“In the end, the quality of reviews is important to ensure consumers know what they buy, and if this system helps curtailing low quality or even fraudulent reviews, then it’s a good move as far as I’m concerned.
Andrew Smith, Spilt Milk Studio – Tango Fiesta
“Valve’s changes are very heavy handed and – by their own admission – only address a small subset of the problems facing the user review system. I don’t expect to see our sales affected all that much, and while it does undercut a part of the value nurturing a community outside of Steam, I’ve yet to see much hard data showing a correlation between user reviews and sales (at least at a scale whereby this change will have any wide reaching effects).
“More concerning to me is the speed with which Valve usually react in these (constantly shifting) situations – they take so much time to address any issues that they’ve inevitably allowed room for new problems to grow. Piecemeal firefighting is not the way they will make Steam a greater place for games, gamers & devs. I’m hopeful they’ll introduce something more meaningful with their next update, whenever that may be.
Gary Chambers, Introversion – Prison Architect
“To me it seems like a solution to a problem that no one was having. They said it was about 160 games that had “suspicious” reviews on them, out of what must be over 6000 at this point. And they are clearly able to detect when this is happening, so if they were so concerned about it, with such low numbers they could easily just review it manually every now and then.
“And the impact this has on a number of developers is pretty severe – I’ve seen quite a few people today saying that their average reviews have dropped significantly as a result of this, primarily those who had kickstarters or did well in things like the Humble Bundle. The reality is that Steam reviews do have a noticeable impact on a game’s sales, and having reviews cut like that is a pretty big blow.
“We’re pretty lucky with Prison Architect in that the vast majority of our reviews are from people who bought through Steam, so this hasn’t had much noticeable impact on its average, but there are plenty of games not in that position. Hopefully they change their minds on this and restore all of these lost reviews.”
Brian Hicks, Bohemia – DayZ
“The changes to Steam’s user reviews are an example of a repeat issue with Steam as a platform. Frequently Valve fails to properly discuss or inform developers of large scale changes that are made to both store pages, and the store as a whole. Going back to the implementation of user reviews, and culminating in issues such as refunds, and workshop mod monetization. However, I honestly don’t see this behaviour pattern changing any time in the future. This leaves us as developers forced to rapidly adapt to changes that directly impact our success on the platform.
“The new changes to reviews specifically hurt developers who sell through more than one portal than Steam. For example, DayZ can be purchased on the Bohemia Interactive Store in addition to Steam. This will provide you with a Steam key that you can activate, gift, do whatever you like. Sometimes, in order to drive attention to our own store we might run a sale over there – while I’m not at liberty to disclose the exact key sales difference between the two store fronts, I can say the amount of keys sold through this portal is most definitely not insignificant.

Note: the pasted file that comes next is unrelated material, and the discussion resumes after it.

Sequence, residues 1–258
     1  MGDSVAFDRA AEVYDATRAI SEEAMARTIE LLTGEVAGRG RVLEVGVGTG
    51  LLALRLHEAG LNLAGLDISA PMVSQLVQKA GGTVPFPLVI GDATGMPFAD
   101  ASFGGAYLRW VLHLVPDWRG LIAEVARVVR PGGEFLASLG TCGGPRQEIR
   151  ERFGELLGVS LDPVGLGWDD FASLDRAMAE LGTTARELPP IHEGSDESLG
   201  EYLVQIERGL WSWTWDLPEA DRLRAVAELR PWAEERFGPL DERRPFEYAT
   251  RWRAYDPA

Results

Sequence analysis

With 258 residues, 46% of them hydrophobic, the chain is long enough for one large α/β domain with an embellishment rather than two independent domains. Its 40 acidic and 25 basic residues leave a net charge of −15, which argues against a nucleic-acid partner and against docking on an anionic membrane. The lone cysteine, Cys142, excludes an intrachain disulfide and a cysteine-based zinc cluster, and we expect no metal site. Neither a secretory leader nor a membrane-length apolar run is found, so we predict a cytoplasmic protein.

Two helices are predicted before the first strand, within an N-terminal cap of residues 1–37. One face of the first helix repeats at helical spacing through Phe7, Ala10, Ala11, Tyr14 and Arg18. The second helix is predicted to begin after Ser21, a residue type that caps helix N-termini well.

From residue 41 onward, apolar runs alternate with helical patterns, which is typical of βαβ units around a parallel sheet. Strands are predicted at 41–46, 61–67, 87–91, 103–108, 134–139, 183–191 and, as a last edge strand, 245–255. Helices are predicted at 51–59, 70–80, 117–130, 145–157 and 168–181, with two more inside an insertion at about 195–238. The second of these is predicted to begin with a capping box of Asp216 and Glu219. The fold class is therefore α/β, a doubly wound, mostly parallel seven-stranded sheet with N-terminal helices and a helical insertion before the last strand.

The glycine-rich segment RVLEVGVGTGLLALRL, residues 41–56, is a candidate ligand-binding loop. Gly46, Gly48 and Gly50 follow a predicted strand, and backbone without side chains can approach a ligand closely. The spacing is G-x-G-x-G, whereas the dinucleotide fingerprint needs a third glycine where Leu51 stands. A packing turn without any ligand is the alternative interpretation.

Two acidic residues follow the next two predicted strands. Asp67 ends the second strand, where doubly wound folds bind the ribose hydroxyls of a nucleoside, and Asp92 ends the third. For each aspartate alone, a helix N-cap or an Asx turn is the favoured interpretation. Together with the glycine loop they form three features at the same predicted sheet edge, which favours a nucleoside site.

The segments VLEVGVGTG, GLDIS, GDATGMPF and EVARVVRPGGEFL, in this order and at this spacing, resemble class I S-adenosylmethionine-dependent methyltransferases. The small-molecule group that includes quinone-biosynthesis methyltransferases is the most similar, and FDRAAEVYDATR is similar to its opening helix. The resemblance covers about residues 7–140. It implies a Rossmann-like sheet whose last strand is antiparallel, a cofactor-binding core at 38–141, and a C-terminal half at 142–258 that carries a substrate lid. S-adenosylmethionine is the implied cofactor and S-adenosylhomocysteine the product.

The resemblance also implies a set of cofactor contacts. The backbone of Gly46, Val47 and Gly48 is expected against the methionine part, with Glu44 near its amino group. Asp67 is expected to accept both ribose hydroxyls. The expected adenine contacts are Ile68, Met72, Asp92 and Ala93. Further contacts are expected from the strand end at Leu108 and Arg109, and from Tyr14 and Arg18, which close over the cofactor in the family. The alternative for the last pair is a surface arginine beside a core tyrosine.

“However, that said – our concern is not that greatly focused on Steam reviews while we are in Early Access. We fully recognize that many users can and probably will be frustrated with the full length development process that comes with our engine, and game development being part of that Early Access period. Those that are, and should be concerned are indie titles that do not benefit from the large amount of sales, and user reviews that we on DayZ benefit from. Titles such as Maia, The Long Dark, Miscreated, or even Wasteland 2 – or really anyone who has participated in programs such as the Humble Bundle or similar options can and probably will end up seeing a massive hit to their reviews – something smaller titles without the benefit of large brand awareness like DayZ has will suffer because of.
“So, we find ourselves here again at Valve’s mercy as indie developers. Having to adapt with little, or almost no notice to systems that can greatly impact our marketplace presence and consumer perception. Don’t get me wrong, Steam offers a vast amount of major benefits that allow indie developers to toss aside the traditional evil publisher model – but at what point does this start to become enough of an issue that having that safety blanket of an established, and powerful publisher starts becoming more appealing?”
Debbie Bestwick, Team 17 – Worms WMD
We are pleased to see Steam taking measures to improve their review system and address some of the validity issues surrounding user reviews being obtained disingenuously. However, excluding genuine Steam customers via crowdfunding and other stores from being able to provide a score is something we’d like to see being considered.
There are many indie teams we support via our label who have run successful crowdfunding campaigns and earned a core fan base eager to give their opinion on the game in a meaningful way. In an ideal scenario there would be a good balance struck between the current system and allowing those customer reviews to have an impact on the games percentage score.
So, what do you think? Let us know in the comments below.